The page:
BC Hydro

Erik Andersen on BC Hydro debt

This devastating information from Erik Andersen, an economist and widely recognized expert on government and Crown Corporation financing:

161d8-andersenYou will note the unbelievable increase in BC Hydro’s debt since Christy Clark took over, due largely to payoffs to Independent Power Corporations who repay Christy’s kindness with immense political contributions.

A case can be made that there is a positive co-relationship between total energy consumed and the economic health in the country of interest.

A reduction or flat-lining of total electricity consumption in the US is an indicator of reduced economic activity and a more miserable life style for the population. Is it any wonder that Mr. Trump is attracting such a political following when he seems to be able to express a frustration that likely has been building for a decade or so.

British Columbia is no different. Domestic electricity consumption today is exactly the same as was 10 or more years ago and that has varied almost not at all across the period. What has varied, naturally, are the rates charged by BC Hydro, globally up 30% and set to go a lot higher because of the $6 billion in deferred collections and the intention to spend $9 billion building the Site C dam.

Looking at just BC Hydro’s formal debt , the increase since 2005 has been a staggering 130%. If the contractual obligations to the Independent Power Producers is added in, the total as of a year ago was $13.2 billion plus about $50 billion for a total of nearly $70 billion. when the $6 billion of deferred collections is added in as well.

So here is the Government’s and BC Hydro’s brilliance. The customers of BC Hydro have not needed any additional electricity for more than a decade yet all the while customer rates increased by 30% and the debt to run the crown corporation has been increased by 1,170%, from $6 billion in 2005 to $70 billion in 2015.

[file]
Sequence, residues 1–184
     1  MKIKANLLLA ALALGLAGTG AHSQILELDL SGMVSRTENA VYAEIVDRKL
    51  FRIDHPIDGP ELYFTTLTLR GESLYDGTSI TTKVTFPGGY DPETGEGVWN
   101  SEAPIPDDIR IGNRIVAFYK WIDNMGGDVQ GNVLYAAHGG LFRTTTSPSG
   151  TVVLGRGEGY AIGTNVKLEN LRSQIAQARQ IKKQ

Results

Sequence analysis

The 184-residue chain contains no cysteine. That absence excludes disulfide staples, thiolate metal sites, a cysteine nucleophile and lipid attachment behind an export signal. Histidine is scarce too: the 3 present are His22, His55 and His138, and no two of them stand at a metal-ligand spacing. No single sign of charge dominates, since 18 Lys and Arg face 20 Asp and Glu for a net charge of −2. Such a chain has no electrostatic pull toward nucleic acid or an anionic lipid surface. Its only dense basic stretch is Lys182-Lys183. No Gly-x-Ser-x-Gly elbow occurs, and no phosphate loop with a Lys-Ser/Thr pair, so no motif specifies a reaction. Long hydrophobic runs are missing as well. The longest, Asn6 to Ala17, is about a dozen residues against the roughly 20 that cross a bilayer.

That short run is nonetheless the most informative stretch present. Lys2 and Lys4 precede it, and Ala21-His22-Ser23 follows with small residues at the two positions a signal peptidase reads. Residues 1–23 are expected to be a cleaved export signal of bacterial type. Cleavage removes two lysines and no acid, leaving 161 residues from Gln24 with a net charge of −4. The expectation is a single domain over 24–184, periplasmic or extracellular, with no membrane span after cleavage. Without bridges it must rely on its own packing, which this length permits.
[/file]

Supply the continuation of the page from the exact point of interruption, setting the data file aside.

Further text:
Breathtaking does not begin to adequately characterize these developments.

Erik Andersen

H/T Rafe Mair

8 replies »

  1. So is BC Hydro, essentially “bankrupt”, given that taxpayers cannot continue to fund this governments fiscal mismanagement, both with hydro and the other ongoing economic fiasco's?


  2. It is criminal, yet no police, no investigation, nothing. No wonder people cheat, evade fares on transit, run from accidents, and deal drugs, our politicians have mastered the art of total corruption.

    Laws in BC only apply to those not elected to office.


  3. I want to add to Mr. Andersen's comments about the billions in deferred debt that BC Hydro has been adding during recent years. My analysis of two decades of financial statements reveals they are doing something else to conceal costs of operations and create phony profits that are transferred to the province as dividends, even though the utility's need for cash is so desperate that each year's borrowings take 10 digits to describe.

    The amounts of operating expenses capitalized each year recently is without precedent in earlier BC Hydro operations. That means they transfer certain costs from operating expense accounts to property, plant and equipment. Those assets are depreciated at varying rates but most BCH assets are written off over periods that last from 15 to 100 years.

    Companies that want to show higher short term profits may capitalize expenses aggressively, particularly if there are no tax consequences. Private companies aiming to reduce current income tax payments, try to expense as much as possible for immediate write-offs and capitalize minimum amounts.

    From the financial statements, it appears BC Hydro has decided to capitalize as much as possible and thereby minimize expenses. As I indicated, what they've been doing lately is out line with years before Christy Clark was Premier.

    Consider that domestic power consumption has not changed in the past decade but the undepreciated balance of BC Hydro's property, plant and equipment has doubled from $10 billion to $20 billion. And, with planned projects, it may double again in the next decade, even though BC electricity consumers will be continue consuming quantities of electricity similar to the amounts in 2006.


  4. This is obscene! Imagine if you 'balanced' your household debt like this. Would you still be able to get a mortgage? Feed your kids? You'd be in debtors prison! NO? Well, you must be a politician!


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